forgiven men.” I know that I am not explaining something to you that you do not know, so please bear with me and listen to what I am saying about this sin. The sin against the Holy Spirit is the sin which Satan himself commits. It is the sin the Pharisees committed. What do they have in common? Simply put, they were skilled at denial—lying to themselves. Even now, though Satan knows that Jesus is coming to defeat him, and that he can do nothing to stop God from winning, he lives in continual defiance, determined to win the great controversy though he knows he cannot. Though he stood in the presence of the Father, and knew His character of love as perhaps no other angel did, Ellen White says Satan hates the concept of self-‐ sacrificing love. “Its very existence he denies.” Though he knows that God is love, he is spending every moment of his life attempting to disprove it. In a word, he is lying to himself. This is why he is known as “the father of lies.” This is one manifestation of the sin against the Holy Spirit—choosing what we want to believe, and convincing ourselves of it. When you first submitted your written resignation, accompanied by your explanation of events, I read it and immediately said to Alan, “He’s not telling the truth.” As a Biblical counselor, I deal with many people who struggle with addictions, especially sexual ones. I am well aware of the process that leads to an event such as yours. Perhaps a person who is ignorant of this process would believe the explanation, “I took precautions, but I did not take enough,” and “it was the sin of a moment.” However, you and I both know better. There was a long process that led to such an event. No one ends up in bed with a person who is not their spouse on an impulse. This is true a hundred times over in this particular situation. If you were on the tenth floor of a building and you climbed into the elevator and pressed the right button, you could be transported in a matter of seconds to the bottom floor. However, this is not how adultery happens. The process leading to adultery is not an instantaneous event, but a step-‐by-‐step descent, a persistent pushing away of the voice of the Holy Spirit. This is why adultery is sufficient to break even the sacred marriage vow. Before one engages in such a high-‐risk sin (risking your own life, your wife’s life, your ministry, reputation, and family), there are a thousand second looks at low necklines or high hemlines, or fantasies, or episodes of viewing pornography, or trips to the hotel desk to pay cash to watch a movie that you do not want to be recorded on your bill. No earnest Christian young man ends up in the back seat of a car with his girlfriend without first pushing away the voice of conscience, rationalizing many times, “It’s okay to go sit in a deserted parking lot alone in the dark, because we would never…” You and I both know this—there is a process that leads to an adulterous event. When a mighty-‐looking tree falls in a storm, we are shocked to see the hollow rottenness that has consumed the inside of the tree. It looked fine until it fell. But there was a long process that led to that fall. Adulterous behavior, the fall of the tree, is the RESULT, not the impulsive event, of a long process of spiritual decay. And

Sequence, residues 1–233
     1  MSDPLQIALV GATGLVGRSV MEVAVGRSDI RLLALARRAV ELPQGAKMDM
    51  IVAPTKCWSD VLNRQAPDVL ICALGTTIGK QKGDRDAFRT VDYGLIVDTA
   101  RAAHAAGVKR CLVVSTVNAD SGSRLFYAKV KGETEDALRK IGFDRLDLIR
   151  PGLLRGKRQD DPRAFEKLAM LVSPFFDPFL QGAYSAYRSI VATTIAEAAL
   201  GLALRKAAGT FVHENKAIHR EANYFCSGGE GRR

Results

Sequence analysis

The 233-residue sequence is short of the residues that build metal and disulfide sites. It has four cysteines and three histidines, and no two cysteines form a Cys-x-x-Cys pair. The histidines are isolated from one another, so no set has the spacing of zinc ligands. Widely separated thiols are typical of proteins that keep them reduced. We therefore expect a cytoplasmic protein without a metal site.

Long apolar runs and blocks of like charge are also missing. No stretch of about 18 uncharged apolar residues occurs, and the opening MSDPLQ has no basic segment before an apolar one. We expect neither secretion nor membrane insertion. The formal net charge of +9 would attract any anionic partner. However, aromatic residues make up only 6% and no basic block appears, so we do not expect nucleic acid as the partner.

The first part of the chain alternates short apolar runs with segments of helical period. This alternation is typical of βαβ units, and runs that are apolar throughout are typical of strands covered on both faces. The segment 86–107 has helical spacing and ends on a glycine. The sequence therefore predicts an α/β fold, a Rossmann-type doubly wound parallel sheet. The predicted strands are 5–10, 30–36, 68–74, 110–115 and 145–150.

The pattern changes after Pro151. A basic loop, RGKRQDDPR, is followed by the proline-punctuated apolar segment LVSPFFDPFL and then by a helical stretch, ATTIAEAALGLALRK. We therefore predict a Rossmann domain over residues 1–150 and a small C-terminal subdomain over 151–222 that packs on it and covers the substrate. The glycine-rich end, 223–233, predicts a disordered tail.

anyone experienced in marriage and ministry should be well aware of this lengthy process of spiritual rotting. In your confession and resignation you sought to make it appear that you were a spiritually solid person who had had a momentary fall because of exhaustion, being in a “far country” and not having enough safeguards in place. Then you made it appear that you had voluntarily, immediately come forward with this confession, out of the conviction of your heart and the earnest desire to do right and only right. Because of the way you worded your confession, I knew immediately that you were not being honest about what had happened. Contrast this, if you will, with what could have happened. Suppose that you had made the mistake of committing adultery, but had immediately sent the girl away, called your wife and called or written to Jay and resigned. What if you had immediately admitted that there had been a long process of spiritual decay going on in your life, which had culminated in an act that you had never dreamed you could be capable of doing? What if you had immediately, in tears of repentance, sent Nandipa away and called the chaplain to counsel her and support her? While these actions could not have undone the damage that had been done, they would have altered the situation completely by showing us that while you had allowed a long process of decay to happen, you were listening to the voice of the Holy Spirit and were determined to turn around, to no longer live the life of a hypocrite. For as you state yourself, “Hypocrisy is an unpardonable sin.” You know the difference between this scenario and what actually happened. It is so evident. Contrast your integrity with the integrity of Sebastien in confessing his crime. You knew what he should do—tell the truth—and you told him so. And you also knew what you should do—tell the truth. The argument that you could not tell your wife because of her health is meaningless to me. If you had been thinking of her health you would not have had sex with a girl who you KNOW has been sexually active in the past, and who is in a country where the HIV rate is commonly one in three! If you had not been caught, I strongly doubt you would have ever told your wife. It also begs the question of your history. Is this the first time you have done something like this? As a counselor, I don't even have to ask. I know. No one does what you did to Nandipa as a first-‐time offense. What you have done is not like the sin of Peter in denying Christ. Rather, it is like the sin of Achan. You covered your sin until there was no further opportunity to cover it. For this reason, you can no longer be trusted. I fear that the rut of self-‐deception, of living a lie and pretending all is well spiritually when it is not, is so deep in your mind that you will fall into it naturally and not even realize it. You have felt that you were like Mary Magdalene, who had fallen into great sin, but was deeply repentant and ready to be used by God. However, a deeper look at your actions shows you rather to resemble Simon the leper. You have referred to your adulterous sin as “not even a fall—just a little slip.” You have not been the victim, but the predator—the one who persistently pursued a vulnerable girl, and used her